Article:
Today is Election Day in the United States. I know that many people have already voted, and I encourage everyone else to vote today, recognizing that some people may choose to remain neutral due to their religious beliefs. As with all elections, there will be a range of opinions and feelings about the outcome. I encourage everyone to be respectful and civil with one another.
This year is the 100th anniversary of the ratification of the 19th Amendment to the Constitution of the United States of America.
“The right of citizens of the United States to vote shall not be denied or abridged by the United States or by any state on account of sex.”
The centennial of the 19th Amendment makes this election especially poignant for me, both because I know that I would not have been able to vote prior to 1920, and because I recognize that it took many more years for other constituencies to receive equal access to voting. Even today, there are still barriers to voting in many localities and for many groups of people, including those who are deaf and hard of hearing. We must surmount these barriers — and we will.
There are many ways in our society to express ourselves to the government: communicating directly with elected leaders, organizing, marching, etc. We have seen increased levels of civic engagement this year, with the novel coronavirus pandemic, racial injustice, economic challenges, natural disasters, and all the other events of 2020. Today is an opportunity to vote, one of the most powerful tools we have to share our opinions with our leaders.
There is one area in which I believe we can all agree. We need elected leaders who are themselves deaf at all levels of our government. Our ten-year vision, The Gallaudet Promise: Excellence in Learning and Discovery, calls on us to recognize the value of deaf people across the spectrum of identities. One of the ways we can achieve this is through deaf representation in all ranks of government. When we have deaf representation in government, we are demonstrating our value for the world to see.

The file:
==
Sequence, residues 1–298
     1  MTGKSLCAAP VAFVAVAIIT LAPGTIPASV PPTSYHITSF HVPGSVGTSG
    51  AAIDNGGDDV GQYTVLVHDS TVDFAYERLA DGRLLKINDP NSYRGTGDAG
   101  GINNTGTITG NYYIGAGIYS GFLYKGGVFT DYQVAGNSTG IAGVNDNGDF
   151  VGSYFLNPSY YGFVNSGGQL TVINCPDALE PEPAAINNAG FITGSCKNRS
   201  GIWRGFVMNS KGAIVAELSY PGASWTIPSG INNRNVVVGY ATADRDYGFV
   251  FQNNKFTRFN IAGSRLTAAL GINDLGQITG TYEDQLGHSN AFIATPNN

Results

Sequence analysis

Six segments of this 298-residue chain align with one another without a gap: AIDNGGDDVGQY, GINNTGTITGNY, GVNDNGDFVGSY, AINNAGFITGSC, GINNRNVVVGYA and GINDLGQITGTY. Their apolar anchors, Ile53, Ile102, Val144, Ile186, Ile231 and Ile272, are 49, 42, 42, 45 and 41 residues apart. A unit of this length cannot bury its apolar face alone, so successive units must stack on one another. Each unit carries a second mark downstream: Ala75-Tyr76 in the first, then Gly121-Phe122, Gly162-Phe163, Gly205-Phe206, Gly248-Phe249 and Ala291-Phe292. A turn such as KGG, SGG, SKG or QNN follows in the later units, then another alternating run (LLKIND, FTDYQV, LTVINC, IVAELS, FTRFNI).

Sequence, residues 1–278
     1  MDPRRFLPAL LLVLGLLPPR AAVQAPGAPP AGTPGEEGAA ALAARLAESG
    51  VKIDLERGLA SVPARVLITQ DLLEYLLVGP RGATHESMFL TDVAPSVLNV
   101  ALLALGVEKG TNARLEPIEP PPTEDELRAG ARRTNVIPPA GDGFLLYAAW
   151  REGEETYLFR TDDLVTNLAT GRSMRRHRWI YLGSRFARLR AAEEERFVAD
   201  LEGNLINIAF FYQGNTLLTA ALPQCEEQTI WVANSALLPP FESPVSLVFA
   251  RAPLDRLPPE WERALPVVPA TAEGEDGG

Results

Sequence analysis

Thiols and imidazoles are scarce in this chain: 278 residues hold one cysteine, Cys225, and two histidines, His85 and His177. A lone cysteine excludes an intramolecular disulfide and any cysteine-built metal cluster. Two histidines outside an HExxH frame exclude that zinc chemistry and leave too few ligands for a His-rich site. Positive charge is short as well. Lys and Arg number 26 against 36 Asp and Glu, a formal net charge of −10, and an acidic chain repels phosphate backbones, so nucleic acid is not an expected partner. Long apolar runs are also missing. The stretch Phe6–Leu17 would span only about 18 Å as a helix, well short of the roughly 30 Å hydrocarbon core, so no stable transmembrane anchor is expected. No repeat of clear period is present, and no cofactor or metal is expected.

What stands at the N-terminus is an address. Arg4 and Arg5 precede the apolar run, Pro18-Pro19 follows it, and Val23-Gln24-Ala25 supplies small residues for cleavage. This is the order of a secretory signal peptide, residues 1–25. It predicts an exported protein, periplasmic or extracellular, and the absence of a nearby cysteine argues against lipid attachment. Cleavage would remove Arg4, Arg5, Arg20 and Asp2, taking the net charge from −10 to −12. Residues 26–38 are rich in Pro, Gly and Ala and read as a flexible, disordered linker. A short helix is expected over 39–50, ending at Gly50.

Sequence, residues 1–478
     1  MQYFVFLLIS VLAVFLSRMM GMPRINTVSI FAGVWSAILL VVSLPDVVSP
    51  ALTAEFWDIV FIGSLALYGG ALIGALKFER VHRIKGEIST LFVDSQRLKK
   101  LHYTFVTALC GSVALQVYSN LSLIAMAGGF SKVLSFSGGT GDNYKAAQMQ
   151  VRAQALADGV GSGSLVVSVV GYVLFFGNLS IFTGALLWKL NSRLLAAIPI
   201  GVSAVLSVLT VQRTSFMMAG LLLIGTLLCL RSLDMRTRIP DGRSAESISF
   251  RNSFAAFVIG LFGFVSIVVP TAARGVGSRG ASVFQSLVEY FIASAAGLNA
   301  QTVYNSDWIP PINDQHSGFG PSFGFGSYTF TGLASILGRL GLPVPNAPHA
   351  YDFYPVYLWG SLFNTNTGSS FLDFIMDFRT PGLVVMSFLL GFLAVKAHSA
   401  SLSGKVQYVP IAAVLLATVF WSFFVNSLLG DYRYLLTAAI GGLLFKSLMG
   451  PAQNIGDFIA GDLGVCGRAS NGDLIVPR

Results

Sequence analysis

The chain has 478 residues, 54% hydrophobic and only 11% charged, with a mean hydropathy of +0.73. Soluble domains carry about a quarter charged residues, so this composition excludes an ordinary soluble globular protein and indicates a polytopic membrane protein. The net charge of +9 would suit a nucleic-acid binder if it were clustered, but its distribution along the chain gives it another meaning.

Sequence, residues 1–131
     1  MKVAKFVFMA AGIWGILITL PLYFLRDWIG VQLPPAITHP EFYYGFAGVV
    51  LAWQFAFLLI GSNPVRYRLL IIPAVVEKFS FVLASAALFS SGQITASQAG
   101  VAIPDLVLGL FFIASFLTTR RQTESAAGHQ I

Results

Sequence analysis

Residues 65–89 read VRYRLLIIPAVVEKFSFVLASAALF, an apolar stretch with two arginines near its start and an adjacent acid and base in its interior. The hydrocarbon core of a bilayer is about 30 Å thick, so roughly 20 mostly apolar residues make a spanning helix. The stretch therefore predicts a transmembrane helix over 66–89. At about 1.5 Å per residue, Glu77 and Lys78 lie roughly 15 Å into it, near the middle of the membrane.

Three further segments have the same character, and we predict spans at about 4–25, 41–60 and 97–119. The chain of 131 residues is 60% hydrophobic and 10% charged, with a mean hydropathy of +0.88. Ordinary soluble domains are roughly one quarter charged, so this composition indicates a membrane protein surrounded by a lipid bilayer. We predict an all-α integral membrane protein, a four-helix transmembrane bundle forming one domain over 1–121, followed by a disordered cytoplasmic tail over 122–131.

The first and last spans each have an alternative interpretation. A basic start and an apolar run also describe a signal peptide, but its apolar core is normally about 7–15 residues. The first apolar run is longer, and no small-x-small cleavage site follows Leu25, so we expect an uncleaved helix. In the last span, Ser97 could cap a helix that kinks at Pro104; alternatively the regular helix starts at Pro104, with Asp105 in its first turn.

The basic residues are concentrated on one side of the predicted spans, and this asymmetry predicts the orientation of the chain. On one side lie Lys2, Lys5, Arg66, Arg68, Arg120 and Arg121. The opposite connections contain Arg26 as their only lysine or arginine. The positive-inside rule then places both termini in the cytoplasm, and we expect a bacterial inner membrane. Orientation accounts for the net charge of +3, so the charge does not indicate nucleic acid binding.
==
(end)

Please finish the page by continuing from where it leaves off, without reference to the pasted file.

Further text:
Over the years, there have been several deaf elected officials in the United States and abroad. A few examples are deaf elected leaders at the local level in California, Delaware, and right here in Washington, D.C. Wilma Newhoudt-Druchen, a proud Gallaudet alumna and member of our Board of Trustees, is a member of the Parliament of the Republic of South Africa. If we are to truly be represented in government, we need to become involved in politics and join the ranks of elected government officials at city, county, state, and federal levels. Our society needs the deaf perspective — not only to enhance society for deaf people, but because the tools and innovations deaf people create benefit everyone.
One way to become more involved is through the newly-established Center for Democracy in Deaf America. CDDA is a non-partisan organization committed to developing healthy democratic skills and habits of deaf individuals by fostering civic engagement through American Sign Language and English. CDDA and other units and organizations are hosting several election-related events this week and next. Details are in last Friday’s Hi5 and yesterday’s Gallaudet Digest. I encourage you to participate.
In closing, thank you for exercising your right to vote. Our democracy exists because we make ourselves and our wishes known through the electoral process.
Roberta J. Cordano